It's a dream that's been a long time coming – the flying car. The credit goes to Terrafugia, a US company, which has created the car called "Transition". This is a "roadable aircraft", according to a company – so…
That was the sound of a Harrier GR7 taking off, if you weren’t aware. You could be hearing that sound with your very own ears, if you fancy bidding for one of the iconic planes. Well, actually, it doesn’t come with an engine, so you’ll still need to be making the ‘neeeaoww’ noise yourself.
The plane’s being auctioned off after being retired from RAF Cosford, where it was used as a training plane for mechanics. It’s a two-seater, has leather seats and electric windows, and a top speed of 730mph.
If you want it, you’ll need to get in touch with the Disposal Services Authority, who normally seem to just offer old camo jackets to the public. If you’re more of a chopper chap, then there’s a Lynx Mk 7 here, and if you like wheels, then there’s a Saxon APC, too.
Frequent flyer? Want the airline experience in your home? Then you might fancy a “Vintage Airline Food Cart”. It’s got ‘authentic dents and scratches’, as well as a retractable serving tray, 14 tracks for drawers or shelves (which cost extra) and a magnetic latch closure. There’s also pedal-operated wheel locks.
It measures 41″ x 12″ x 15″ and costs a rather mighty $1450. Shipping to the UK will be even more. What would you do with it, though? Indulge your air hostess fantasies? Ideas in the comments.
More furniture and furnishings: Nottage Design G1 – the transparent glass pool table in the boozer of your dreams | Lightbulb/speaker mashups suddenly all over the web
Second and final in our series of posts today about very big things is this Soviet K-7 bomber, which dates from 1930s, before jet propulsion. As you can see by the tiny little people in the bottom right, this thing is vast – 28 metres long and 53m wing-to-wing. It weighed 38 tonnes when loaded.
It carried 120 passengers within wings which were 2.3m thick. Melded from chrome-molybdenum steel, the design originally called for six engines, but when built, a seventh had to be added. It first flew in August 1933, but crashed that November, killing 15 people. Two more were ordered, but the project was cancelled before they could be delivered.
Picture the scenario – you’re at home, and your internet connection’s gone down. You want to ring the providers, but all the info is in your GMail, and you can’t get to it, because you’ve got no internet connection! What do you do? You stop panicking, because you’re turned on offline access for GMail.
It’s a new feature for the popular webmail client that’ll allow users to keep a local cache of their messages so that if your internet connection drops for some reason, then you’ll still have complete access. It’ll also work in situations with no connection at all – on a plane, for example, or a bus.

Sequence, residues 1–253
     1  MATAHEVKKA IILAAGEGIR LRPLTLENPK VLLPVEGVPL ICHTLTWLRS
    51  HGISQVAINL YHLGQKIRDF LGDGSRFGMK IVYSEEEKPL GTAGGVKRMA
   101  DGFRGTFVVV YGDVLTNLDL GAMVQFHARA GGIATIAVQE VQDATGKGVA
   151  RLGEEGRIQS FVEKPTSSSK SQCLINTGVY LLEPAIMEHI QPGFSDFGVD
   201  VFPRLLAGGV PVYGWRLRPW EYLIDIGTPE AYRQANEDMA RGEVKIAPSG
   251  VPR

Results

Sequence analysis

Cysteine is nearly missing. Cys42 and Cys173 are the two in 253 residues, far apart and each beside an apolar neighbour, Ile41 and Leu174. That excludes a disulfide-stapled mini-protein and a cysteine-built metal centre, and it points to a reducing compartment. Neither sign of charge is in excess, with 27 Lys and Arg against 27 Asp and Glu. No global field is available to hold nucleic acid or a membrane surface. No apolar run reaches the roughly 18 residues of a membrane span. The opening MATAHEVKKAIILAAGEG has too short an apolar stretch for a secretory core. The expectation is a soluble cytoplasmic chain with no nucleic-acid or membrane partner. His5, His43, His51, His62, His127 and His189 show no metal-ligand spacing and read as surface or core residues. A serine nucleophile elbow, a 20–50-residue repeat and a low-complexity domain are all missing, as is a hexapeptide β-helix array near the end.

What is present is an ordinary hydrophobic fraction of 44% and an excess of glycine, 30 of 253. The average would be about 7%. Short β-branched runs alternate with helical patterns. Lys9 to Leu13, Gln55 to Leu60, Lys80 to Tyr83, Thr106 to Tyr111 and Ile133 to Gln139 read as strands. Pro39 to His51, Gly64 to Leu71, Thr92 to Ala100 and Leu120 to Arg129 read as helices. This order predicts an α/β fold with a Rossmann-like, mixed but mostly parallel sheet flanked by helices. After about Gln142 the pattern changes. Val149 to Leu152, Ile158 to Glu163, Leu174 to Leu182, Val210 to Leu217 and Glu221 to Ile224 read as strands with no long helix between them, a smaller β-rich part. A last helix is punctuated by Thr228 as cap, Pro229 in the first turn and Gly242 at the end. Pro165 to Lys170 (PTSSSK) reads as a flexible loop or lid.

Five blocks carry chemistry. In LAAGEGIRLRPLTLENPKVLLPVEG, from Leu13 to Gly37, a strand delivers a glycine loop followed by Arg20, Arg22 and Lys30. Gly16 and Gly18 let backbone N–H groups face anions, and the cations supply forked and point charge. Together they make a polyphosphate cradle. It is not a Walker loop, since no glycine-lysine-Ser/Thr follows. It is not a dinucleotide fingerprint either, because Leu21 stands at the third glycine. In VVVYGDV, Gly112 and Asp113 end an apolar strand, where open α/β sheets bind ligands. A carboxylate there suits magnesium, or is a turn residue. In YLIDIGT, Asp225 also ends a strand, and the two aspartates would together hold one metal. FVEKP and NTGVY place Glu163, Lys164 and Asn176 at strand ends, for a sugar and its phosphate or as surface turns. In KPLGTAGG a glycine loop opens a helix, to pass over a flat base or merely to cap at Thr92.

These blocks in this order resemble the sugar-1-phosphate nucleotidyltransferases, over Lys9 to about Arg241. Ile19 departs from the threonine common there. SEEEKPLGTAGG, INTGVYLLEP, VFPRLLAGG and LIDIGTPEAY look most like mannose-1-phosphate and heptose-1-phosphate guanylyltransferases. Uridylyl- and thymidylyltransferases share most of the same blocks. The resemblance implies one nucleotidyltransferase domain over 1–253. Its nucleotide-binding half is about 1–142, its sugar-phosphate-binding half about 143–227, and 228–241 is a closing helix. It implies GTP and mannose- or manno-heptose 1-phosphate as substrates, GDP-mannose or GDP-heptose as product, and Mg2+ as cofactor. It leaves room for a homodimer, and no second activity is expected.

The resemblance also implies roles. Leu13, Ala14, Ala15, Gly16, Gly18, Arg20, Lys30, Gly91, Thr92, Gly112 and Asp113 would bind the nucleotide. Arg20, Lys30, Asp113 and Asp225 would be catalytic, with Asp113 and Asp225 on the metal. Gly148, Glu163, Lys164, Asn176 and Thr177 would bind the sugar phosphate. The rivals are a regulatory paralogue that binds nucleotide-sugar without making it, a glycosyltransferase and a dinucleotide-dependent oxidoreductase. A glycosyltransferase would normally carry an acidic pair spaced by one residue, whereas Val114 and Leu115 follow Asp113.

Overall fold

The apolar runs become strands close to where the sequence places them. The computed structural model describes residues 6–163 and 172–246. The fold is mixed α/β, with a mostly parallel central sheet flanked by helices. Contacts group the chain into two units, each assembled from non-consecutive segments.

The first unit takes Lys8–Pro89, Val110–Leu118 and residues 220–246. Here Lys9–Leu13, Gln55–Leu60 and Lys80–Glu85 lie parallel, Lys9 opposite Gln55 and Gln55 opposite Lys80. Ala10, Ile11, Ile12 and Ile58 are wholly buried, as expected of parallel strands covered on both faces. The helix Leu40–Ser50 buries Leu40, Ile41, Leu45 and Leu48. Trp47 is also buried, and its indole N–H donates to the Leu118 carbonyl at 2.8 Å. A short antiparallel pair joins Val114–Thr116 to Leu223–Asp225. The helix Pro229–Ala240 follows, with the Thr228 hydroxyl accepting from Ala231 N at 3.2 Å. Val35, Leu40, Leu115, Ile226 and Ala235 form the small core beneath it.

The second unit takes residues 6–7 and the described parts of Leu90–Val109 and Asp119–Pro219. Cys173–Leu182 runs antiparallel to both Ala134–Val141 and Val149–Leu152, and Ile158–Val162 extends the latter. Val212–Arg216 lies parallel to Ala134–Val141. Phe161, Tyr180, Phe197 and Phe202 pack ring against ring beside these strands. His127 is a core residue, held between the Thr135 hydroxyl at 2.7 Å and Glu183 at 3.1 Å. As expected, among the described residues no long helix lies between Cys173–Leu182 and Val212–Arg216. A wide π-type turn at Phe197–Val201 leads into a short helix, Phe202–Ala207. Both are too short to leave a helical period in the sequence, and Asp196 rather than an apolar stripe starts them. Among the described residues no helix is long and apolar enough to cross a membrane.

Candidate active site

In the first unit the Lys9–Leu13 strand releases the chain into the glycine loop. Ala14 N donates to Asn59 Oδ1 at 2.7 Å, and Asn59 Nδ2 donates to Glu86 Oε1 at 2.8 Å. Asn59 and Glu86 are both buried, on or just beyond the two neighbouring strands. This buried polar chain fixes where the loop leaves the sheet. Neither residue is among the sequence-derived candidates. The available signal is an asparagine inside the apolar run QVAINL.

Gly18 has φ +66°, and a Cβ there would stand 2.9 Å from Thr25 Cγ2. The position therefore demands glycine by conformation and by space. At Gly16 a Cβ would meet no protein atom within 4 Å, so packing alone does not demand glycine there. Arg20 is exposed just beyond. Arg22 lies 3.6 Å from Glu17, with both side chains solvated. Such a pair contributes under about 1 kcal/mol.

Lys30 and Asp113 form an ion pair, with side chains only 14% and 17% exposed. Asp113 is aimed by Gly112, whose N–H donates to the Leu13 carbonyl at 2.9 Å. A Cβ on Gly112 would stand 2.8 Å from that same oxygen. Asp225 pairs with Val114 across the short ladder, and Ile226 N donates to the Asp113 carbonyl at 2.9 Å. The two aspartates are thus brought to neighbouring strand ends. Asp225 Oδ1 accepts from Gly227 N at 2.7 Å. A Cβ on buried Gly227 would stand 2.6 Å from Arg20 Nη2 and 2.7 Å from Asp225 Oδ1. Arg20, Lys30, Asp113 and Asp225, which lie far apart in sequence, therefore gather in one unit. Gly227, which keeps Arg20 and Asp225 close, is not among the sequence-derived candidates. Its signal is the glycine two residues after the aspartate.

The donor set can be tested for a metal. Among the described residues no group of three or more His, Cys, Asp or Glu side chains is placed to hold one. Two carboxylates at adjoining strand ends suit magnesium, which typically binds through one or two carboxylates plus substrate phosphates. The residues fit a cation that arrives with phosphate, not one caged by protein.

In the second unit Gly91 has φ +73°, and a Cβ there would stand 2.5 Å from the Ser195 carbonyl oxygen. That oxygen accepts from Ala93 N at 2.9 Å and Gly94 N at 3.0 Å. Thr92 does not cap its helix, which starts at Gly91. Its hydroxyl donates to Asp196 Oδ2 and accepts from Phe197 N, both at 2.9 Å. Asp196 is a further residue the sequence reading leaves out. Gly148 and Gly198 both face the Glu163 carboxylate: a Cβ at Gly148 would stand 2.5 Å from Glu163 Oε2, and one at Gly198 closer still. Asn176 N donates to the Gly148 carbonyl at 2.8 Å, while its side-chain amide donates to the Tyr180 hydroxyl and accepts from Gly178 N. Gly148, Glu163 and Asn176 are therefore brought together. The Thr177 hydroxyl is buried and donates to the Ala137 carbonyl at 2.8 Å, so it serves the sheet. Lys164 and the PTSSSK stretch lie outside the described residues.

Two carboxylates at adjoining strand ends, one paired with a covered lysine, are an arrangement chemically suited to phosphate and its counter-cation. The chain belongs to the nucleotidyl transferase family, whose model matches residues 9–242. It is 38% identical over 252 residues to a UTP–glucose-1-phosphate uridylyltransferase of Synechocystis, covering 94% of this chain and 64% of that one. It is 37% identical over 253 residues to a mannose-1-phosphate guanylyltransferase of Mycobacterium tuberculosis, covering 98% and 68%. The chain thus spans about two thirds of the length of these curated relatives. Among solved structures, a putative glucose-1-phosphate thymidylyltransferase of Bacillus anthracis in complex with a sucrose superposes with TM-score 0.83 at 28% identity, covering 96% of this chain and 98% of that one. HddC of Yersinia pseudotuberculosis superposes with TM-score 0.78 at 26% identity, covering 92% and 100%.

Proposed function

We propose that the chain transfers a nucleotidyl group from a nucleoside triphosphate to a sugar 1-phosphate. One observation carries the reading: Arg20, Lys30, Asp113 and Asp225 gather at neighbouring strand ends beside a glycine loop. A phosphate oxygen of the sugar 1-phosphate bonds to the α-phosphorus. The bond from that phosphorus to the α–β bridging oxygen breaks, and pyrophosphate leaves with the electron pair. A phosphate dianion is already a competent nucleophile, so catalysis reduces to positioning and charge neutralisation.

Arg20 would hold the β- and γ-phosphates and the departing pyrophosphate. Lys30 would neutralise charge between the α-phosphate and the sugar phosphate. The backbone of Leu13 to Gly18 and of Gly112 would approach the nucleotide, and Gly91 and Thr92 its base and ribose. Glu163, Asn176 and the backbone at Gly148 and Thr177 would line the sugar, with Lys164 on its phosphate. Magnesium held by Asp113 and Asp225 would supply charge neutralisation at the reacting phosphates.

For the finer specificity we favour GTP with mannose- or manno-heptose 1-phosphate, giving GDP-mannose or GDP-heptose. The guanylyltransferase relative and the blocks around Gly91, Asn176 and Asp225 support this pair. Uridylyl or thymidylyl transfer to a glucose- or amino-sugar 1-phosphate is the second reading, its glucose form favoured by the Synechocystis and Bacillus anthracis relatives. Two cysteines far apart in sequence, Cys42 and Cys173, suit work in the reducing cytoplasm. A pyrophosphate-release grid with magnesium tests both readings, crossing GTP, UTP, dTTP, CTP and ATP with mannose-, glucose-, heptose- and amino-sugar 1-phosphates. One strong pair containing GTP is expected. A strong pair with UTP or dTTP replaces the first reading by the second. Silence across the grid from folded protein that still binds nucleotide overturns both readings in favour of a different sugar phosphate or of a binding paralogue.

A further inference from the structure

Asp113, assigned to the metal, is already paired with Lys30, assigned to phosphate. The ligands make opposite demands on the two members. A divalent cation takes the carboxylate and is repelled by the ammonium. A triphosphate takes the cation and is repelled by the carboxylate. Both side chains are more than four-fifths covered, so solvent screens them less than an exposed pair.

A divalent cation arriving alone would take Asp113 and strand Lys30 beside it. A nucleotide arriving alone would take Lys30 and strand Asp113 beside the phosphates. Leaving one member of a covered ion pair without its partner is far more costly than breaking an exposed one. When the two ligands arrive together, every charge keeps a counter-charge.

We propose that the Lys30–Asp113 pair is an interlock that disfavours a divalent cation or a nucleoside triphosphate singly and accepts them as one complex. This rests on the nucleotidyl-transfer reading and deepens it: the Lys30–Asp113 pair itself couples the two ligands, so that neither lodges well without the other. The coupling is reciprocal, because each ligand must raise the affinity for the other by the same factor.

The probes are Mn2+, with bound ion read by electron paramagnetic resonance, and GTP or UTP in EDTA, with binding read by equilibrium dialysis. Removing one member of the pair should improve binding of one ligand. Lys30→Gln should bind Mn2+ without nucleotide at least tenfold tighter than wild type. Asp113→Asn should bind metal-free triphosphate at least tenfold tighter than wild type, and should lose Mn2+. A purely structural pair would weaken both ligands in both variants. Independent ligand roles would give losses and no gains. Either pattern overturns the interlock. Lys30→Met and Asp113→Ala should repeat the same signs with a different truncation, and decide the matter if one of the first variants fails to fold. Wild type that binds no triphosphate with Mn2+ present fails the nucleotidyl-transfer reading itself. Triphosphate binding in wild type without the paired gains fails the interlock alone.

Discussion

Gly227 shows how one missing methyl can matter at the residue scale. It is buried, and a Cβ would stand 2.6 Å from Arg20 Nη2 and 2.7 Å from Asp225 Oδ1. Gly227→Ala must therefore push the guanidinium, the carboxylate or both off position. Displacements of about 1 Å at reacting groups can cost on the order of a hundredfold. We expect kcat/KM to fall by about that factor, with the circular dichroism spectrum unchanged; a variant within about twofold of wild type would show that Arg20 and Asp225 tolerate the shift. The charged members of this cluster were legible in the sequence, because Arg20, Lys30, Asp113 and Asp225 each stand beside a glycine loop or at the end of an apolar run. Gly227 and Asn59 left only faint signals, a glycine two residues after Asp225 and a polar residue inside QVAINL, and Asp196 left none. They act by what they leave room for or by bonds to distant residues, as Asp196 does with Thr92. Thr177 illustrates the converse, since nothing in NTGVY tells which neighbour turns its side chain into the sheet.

To activate offline access, go to the Labs section of your GMail. It should be in the list there. If it’s not yet (it’s not for me) then give it a few hours and it should show up. Once activated, click the “Offline 0.1″ link in the upper righthand corner to set everything up.
(via Official GMail Blog)
Click play on the video. Now watch as the world’s aeroplanes cross continents and oceans. It’s strangely relaxing in the same way that watching a trail of ants in a garden on a warm summer’s afternoon is relaxing. One thing that’s worth looking out for – compare Europe at the start of the video to Europe at 0:45 – the flight volume changes dramatically between day and night.
Seen a similarly fantastic depiction of data? Post it in the comments below. I love stuff like this, so if you’ve got a favourite visualization of information then I want to see it too.
Score another one for citizen journalism. The very first photo of the plane crash in the Hudson was taken on a mobile phone, and uploaded to Twitter. The photographer was one Janis Krums, and he was on one of the ferries used to rescue the passengers from the stricken plane.
Although you could say he was in the right place at the right time, the quality of the photo is pretty damn good as well – well framed, and with plenty of detail. On a side note, though – you’ve got to wonder if it’s the first class passengers that are on the raft, while the economy plebs have to stand on the wing…
One of modern life’s great pleasures is cruising YouTube for odd videos of experimental technology. A lunatic on a rocket bike. An inventor with a death-wish positioning his head a few inches from a spinning rotor. A man risking carbon monoxide poisoning and all kinds of exotic death by using jet engines he bought off the Russian eBay in his garage.
And today, this – a twin-propeller, hand-launched spy helicopter drone thing you carry around with you in a tube until it requires deployment in a spying situation. Then you set it free like a dove of peace.
Maker Lite Machines was commissioned to come up with this spying “solution” by the US Navy…
I’m a bit nervous about travelling in 777 jumbos after events at Heathrow last week, but even so, I’d be even more nervous about getting in a plane called LAPCAT. Even if it does stand for Long-Term Advanced Propulsion Concepts and Technologie. Maybe it’ll have a companion jet called HANDBAGDOG too.
Singapore Airlines pulled off a next-gen aeroplane first yesterday, with the first ever commercial flight of the vast double decker Airbus A380. There wasn’t even one fireball over the Indonesia as flight SQ380 successfully made it all the way from Singapore to Sydney in one very large piece.
“The flight was spectacular, just truly awesome,” said Thomas Lee, one of the passengers – a man who’s so into his planes he was also one of the first passengers on the inaugural 747 flight back in 1970…
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